Monday, April 9, 2007

What do your photocamera, frying pan and stochastic have in common?

Have you ever heard "What a wonderful photo, you must have a great camera!"? Does it make much sense to you? If yes, you are not alone; for some reason it sounds reasonable. Let's try this: "What a wonderful food, you must have a great pan!" I bet this doesn't make sense at all, does it? Quite obviously, the pan is merely a tool which at best may limit or broaden the possibilities of tool user. It may not be as obvious in case with camera, simply because modern camera is extremely sophisticated gear enabling average user to take quite spectacular shots. Let's, however, set the simple experiment: Give primitive $150 Point&Shoot to a professional photographer and give state-of-art $3000 digital SLR to an amateur. Send them in the field for 1 day. Ask each to bring 100 photos. Compare the results.What's the point of all this? Well, both the photocamera and the pan, however different the level of sophistication may be, are just tools. They don't do the job themselves. They are as good as the person using them is. It's a nut behind the wheel, as usual. For now, remember this important distinction that higher level of sophistication makes it somewhat harder to see this point clearly.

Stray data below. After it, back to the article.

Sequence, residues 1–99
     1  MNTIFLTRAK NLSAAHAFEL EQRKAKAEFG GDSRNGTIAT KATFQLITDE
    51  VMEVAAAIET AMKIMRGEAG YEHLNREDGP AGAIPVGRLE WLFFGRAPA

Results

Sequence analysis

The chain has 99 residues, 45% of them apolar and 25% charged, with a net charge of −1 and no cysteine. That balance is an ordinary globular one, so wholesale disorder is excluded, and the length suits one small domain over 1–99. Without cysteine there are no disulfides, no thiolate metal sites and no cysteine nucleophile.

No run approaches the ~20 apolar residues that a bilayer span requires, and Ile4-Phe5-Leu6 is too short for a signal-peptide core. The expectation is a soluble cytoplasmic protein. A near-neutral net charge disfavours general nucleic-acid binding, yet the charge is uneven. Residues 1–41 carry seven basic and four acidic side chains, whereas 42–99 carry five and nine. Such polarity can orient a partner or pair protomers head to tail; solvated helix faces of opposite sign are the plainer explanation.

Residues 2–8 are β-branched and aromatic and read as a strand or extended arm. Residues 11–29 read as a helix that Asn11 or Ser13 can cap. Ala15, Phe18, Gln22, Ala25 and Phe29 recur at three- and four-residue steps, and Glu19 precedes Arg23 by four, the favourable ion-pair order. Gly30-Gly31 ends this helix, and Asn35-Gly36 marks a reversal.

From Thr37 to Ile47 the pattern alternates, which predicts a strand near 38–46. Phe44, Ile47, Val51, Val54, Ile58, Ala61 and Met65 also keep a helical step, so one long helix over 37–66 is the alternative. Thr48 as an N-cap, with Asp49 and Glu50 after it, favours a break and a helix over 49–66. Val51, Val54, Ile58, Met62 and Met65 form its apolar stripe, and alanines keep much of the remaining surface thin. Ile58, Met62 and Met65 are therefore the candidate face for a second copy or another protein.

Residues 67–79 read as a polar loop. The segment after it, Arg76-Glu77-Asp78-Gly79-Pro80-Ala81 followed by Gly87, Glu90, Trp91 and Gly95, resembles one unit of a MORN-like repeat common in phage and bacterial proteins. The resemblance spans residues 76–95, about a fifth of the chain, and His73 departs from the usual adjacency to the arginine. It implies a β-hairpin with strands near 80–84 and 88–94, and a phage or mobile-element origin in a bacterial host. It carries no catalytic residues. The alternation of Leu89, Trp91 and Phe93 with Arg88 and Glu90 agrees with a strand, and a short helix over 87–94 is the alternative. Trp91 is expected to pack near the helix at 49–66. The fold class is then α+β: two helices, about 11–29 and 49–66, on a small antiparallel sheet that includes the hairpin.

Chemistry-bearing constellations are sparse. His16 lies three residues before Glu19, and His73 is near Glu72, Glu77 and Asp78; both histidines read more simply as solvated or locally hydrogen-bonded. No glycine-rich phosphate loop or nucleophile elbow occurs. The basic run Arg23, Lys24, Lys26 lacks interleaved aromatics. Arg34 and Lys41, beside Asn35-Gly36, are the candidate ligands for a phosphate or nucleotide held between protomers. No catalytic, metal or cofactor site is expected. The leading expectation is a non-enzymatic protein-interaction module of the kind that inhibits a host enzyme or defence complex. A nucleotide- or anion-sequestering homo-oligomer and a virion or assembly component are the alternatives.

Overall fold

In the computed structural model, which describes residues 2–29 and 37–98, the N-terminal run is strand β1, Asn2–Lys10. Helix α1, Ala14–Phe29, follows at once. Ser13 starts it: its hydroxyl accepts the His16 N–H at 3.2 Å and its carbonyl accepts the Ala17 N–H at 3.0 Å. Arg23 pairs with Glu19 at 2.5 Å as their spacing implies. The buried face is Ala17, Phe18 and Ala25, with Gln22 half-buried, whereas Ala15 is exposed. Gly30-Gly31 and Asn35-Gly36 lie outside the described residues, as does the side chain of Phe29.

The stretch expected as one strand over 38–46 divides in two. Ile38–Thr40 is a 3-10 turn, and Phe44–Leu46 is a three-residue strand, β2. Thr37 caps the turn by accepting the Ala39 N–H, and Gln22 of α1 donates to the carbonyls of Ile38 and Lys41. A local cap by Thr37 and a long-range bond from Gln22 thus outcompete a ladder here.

Soooo... what does it all have to do with Stochastic? First of all, let me say it's not about this particular indicator. It's about Technical Analisys in general. Just how often have you heard and maybe said "TA doesn't work!" Or "MACD doesn't work" (insert any other technical indicator or study known to human)? Or, how often have you read yet another heated argument whether they work or not? Here is the deal: unless your computer is broken, they always work! As in, they do what they are intended to do. And this is where major misunderstanding lies: many think that TA is intended to bring profits. Wrong. Indicator is intended to indicate. Something. Anything.. As long as it indicates, it works. Yeah, but why doesn't it bring profits? For the same reason that the camera doesn't take photos by itself even so as long as shutter clicks it works. And for the same reason that the pan doesn't cook a dinner even though as long as it heats up it works. It is designed to provide you with certain tool - and that it does. How you utilize the tool is what defines success or failure. Returning to particular example of stochastic: it indicated the reading below 20%, did it work? Sure, it indicated what it was designed to indicate. Now, what do YOU do with it? Do you enter long for bounce? Do you wait to see whether the price doesn't bounce so you short for downtrend continuation? Do you add another indicator to get some combined reading? Rephrasing it all, it's about how you incorporate certain TA in YOUR trading approach. If you do it right, profits come. If not - this is your approach that doesn't work, not the TA. Or, you incorporated that particular indicator in a wrong way and some tweaking is in order.This all seems to be trivial when you go through this methodology of thinking and comparison; so why is it not that obvious from the get-go? Well, remember the thing about sophistication? In exactly the same way as it seems to be not so obvious in case with camera vs. case with pan, many of technical indicators and studies are being percieved as quite complicated (and they often are). Something so smart must be doing some serious work and lead to solid results... can I relax while it's working and harvest when it's done?Understanding of real purpose of TA is quite crucial for working out the right trading approach. It also leads us to interesting and somewhat controversial topic of trading systems. That, however, is a topic for another post. For now, let's agree:


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